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The Reparations Settlement and Germany's Peacetime Economy: Statement by the U.S. State Department (Press Release of December 12, 1945)

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(d) Sufficient resources should be left to Germany to enable that country, after completion of industrial removals and reactivation of remaining resources, to exist without external assistance. This topic is more fully treated below.

7. In planning the peacetime German economy, the interests of the United States are confined to the industrial disarmament of Germany and to the provision of a balanced economic position at the standard of living indicated. The United States does not seek to eliminate or weaken German industries of a peaceful character, in which Germany has produced effectively for world markets, for the purpose of protecting American markets from German goods, aiding American exports, or for any other selfish advantage. Similarly the United States is opposed to the attempt of any other country to use the industrial disarmament plan of the Berlin Declaration to its own commercial ends at the expense of a peacetime German economy. It is our desire to see Germany's economy geared to a world system and not an autarchical system.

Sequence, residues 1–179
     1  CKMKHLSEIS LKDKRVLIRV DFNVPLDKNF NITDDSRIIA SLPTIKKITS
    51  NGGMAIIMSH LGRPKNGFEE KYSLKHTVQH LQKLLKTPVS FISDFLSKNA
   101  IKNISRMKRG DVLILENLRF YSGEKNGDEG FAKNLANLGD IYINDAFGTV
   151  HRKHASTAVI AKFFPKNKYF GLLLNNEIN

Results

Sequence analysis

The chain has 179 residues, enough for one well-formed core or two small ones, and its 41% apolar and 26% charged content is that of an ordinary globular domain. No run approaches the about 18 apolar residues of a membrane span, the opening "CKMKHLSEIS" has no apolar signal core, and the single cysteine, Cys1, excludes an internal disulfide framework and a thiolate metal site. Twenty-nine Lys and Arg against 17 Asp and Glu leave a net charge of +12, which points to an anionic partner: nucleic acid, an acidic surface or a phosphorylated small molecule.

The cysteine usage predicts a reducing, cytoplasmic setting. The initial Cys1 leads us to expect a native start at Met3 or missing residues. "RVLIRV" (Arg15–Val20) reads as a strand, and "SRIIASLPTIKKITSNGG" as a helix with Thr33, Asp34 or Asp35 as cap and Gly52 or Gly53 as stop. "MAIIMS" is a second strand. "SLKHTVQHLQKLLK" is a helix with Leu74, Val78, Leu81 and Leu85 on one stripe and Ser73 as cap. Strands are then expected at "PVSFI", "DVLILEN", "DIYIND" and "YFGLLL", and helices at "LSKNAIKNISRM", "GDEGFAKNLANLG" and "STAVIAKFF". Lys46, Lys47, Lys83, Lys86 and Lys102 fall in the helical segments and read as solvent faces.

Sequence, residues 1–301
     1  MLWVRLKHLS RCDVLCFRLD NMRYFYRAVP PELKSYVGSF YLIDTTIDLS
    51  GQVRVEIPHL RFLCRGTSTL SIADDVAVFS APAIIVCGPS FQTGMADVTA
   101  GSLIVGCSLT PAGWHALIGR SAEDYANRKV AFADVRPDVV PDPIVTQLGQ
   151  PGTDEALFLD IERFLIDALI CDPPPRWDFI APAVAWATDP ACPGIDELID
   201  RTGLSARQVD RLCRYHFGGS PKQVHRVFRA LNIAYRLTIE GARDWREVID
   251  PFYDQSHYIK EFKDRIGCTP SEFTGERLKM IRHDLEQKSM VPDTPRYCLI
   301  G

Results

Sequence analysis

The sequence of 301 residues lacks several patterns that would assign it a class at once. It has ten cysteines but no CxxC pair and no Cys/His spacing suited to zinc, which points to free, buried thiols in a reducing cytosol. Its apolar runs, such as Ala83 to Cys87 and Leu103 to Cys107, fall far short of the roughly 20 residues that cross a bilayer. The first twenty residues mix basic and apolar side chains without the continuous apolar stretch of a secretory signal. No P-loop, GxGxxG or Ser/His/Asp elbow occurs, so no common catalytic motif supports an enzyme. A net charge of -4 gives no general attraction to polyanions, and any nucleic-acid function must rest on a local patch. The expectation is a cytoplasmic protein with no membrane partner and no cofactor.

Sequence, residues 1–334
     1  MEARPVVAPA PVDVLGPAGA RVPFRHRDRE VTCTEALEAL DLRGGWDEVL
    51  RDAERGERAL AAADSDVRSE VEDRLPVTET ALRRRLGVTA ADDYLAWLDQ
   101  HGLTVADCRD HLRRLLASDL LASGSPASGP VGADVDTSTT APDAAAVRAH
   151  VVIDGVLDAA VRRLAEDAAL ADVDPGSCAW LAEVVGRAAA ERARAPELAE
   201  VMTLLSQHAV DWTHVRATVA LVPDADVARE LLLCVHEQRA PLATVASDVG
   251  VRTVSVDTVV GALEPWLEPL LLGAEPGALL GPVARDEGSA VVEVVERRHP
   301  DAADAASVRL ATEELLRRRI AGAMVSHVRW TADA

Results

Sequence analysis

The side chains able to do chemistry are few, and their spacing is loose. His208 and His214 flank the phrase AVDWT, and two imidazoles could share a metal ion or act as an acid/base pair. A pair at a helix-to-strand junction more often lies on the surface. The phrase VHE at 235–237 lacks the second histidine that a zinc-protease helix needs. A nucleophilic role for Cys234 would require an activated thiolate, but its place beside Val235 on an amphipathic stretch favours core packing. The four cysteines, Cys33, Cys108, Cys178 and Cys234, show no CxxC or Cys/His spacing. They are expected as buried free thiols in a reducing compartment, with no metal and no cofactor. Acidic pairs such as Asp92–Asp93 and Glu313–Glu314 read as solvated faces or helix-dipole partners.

8. In determining the volume of removals for reparation purposes, the United States should not approve removals on such a scale that Germany would be unable, owing to a shortage of capital equipment, to export goods in sufficient quantities to pay for essential imports. Thus capacity should be left to enable Germany to produce for export goods which yield enough foreign exchange to pay for the imports required for a standard of living equal to the average in Europe, excluding the United Kingdom and the Union of Soviet Socialist Republics. In this connection, the following points should be stressed:

(a) In determining the amount of capital equipment to be retained in Germany, provision need be made for capacity to produce exports sufficient to pay for estimated current imports. No allowance should be made in German export industry to provide capacity to pay for externally incurred occupation costs, including imports of goods consumed by forces of occupation, and troop pay not expended in Germany.

(b) The provision in the Berlin Declaration which stipulates that in organizing the German economy 'primary emphasis shall be given to the development of agricultural and peaceful domestic industries' requires that the maximum possible provision be made for exports from sources other than the metal, machinery, and chemical industries.

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